Event Report on “Who travels thousands of miles? Gender Dimensions of War Dead Accounting and Memory Making in Post-war Vietnam”

On May 2, 2024, the Humanities Research Center hosted Dr. Tâm T. T. Ngô, a senior researcher and associate professor at the NIOD Institute for War, Holocaust and Genocide Studies in the Netherlands Royal Academy of Arts and Sciences. Dr. Tâm first had an informal discussion with students and later proceeded to give a talk on her research about the gendered dimensions of war dead accounting and memory making in post-war Vietnam. This event was attended by 20 students and 3 faculty members. Continue reading “Event Report on “Who travels thousands of miles? Gender Dimensions of War Dead Accounting and Memory Making in Post-war Vietnam””

Exploring the “Superdeep”: The third DKU Undergraduate Humanities Research Conference

By Junyan Li, class of 2026

The Humanities community at Duke Kunshan University recently hosted its third annual Undergraduate Humanities Research Conference on April 26th and 27th at the Academic Building. Co-hosted by Professor James Miller from DKU, and Professor Carlos Rojas from Duke, the event served as a platform for researchers and students from diverse backgrounds across China and abroad to share their insights and research findings. More than 120 individuals registered for the conference.

This year’s theme, “Superdeep,” was inspired by an ecosystem of activities at DKU designed by Professor Nathan Hauthaler, which aimed to stimulate philosophical thinking in its most expansive sense.

Vice Chancellor for Academic Affairs Scott MacEachern addressed the conference, highlighting that this annual gathering has evolved into a significant event that strengthens the bonds within the humanities community.

The conference schedule included four keynote lectures and twelve parallel sessions featuring contributions from students not only from DKU but also from universities across China. The discussions covered a broad spectrum of topics, ranging from literature and art to gender and power, and extending to beliefs, philosophy, and globalization.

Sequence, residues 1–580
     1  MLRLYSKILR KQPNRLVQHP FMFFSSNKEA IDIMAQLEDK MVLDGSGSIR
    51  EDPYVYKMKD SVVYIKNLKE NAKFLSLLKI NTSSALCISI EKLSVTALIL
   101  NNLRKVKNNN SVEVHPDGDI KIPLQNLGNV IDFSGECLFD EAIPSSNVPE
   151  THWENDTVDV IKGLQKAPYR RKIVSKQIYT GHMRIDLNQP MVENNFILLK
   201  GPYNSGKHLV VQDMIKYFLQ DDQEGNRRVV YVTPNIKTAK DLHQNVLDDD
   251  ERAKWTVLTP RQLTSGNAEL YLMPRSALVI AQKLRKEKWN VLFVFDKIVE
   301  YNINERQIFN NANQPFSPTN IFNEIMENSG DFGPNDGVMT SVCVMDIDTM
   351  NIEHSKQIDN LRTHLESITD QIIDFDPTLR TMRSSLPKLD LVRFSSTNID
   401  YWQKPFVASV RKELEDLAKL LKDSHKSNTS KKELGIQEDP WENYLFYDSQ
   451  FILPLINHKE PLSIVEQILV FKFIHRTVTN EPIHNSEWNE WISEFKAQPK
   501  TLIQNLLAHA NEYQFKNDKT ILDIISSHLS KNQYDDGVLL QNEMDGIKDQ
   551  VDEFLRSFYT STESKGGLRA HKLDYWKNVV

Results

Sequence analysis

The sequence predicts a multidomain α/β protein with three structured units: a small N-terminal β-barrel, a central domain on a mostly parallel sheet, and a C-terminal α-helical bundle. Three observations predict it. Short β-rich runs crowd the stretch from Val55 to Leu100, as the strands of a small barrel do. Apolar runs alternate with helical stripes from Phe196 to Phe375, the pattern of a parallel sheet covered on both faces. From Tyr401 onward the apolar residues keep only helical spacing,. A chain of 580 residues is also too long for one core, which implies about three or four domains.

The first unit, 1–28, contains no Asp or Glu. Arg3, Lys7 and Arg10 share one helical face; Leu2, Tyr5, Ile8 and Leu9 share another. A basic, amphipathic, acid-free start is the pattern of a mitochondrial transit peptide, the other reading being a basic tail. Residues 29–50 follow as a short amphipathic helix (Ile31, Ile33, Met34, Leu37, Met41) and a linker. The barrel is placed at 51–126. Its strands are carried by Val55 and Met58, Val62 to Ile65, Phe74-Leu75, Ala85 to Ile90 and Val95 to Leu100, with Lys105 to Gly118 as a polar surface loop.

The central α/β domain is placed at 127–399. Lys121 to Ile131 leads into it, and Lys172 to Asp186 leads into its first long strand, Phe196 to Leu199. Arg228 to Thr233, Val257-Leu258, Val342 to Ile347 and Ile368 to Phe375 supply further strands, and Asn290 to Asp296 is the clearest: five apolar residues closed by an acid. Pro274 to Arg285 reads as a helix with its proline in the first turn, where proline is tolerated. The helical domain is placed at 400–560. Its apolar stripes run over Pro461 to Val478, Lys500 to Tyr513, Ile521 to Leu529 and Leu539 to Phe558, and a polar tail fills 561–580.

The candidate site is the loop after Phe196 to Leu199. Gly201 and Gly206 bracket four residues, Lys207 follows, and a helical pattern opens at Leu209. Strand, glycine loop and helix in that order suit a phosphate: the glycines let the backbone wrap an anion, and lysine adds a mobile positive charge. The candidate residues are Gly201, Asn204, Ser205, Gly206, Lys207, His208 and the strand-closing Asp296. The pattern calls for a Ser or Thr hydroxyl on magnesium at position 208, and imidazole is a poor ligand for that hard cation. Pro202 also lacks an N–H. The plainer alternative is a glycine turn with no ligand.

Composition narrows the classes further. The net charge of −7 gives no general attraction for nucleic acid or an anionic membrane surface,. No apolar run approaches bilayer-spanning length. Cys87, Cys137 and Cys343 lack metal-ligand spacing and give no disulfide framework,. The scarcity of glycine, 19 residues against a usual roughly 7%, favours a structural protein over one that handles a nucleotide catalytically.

Prof. Tang’s lecture: Attention and Practical Knowledge

DKU was more than delighted to welcome four keynote lecturers. (Chenshan Tian) discussed the Confucian philosophy of family feeling (qinqing), exploring Confucian philosophy as a potential resource for a new geopolitical order. Associate Professor Ru Ye from Wuhan University delivered a thought-provoking lecture titled “Can Rational Beliefs Be Arbitrary?” This sparked deep contemplation among the audience about the possibility of multiple rational responses to the same body of evidence. Hao Tang, Professor of Philosophy from Tsinghua University, led a discussion on attention and practical knowledge, enriching the concept of practical knowledge as a form of self-knowledge or self-consciousness. Seth Jaffe, Associate Professor of the History of Political Thought at LUISS, provided a unique interpretation of Thucydides’ account of the causes of war, delving into debates surrounding the “inevitability” of conflict between America and China.

The central premise of this conference is that while not everyone may be a professional philosopher, we can all benefit from engaging more deeply with the intellectual tools that philosophers are developing.

Jackson Li, a sophomore at DKU, found inspiration in the diverse topics presented, particularly resonating with Jaffe’s perspective. He commented, “Applying ancient Greek stories to modern international relations offers a compelling way to consider the complexity of relations between great powers. It suggests that cooperation between China and the United States is a crucial prerequisite for a mutually beneficial situation.”

In addition to the keynote speakers, student presentations in the parallel sessions also brought fresh insights to the conference. Xi Xiong, a junior majoring in philosophy from Wuhan University, expressed her pleasure in exploring topics that have previously been overlooked or unnoticed, with the aim of eliminating hidden evaluative bias within the field of philosophy.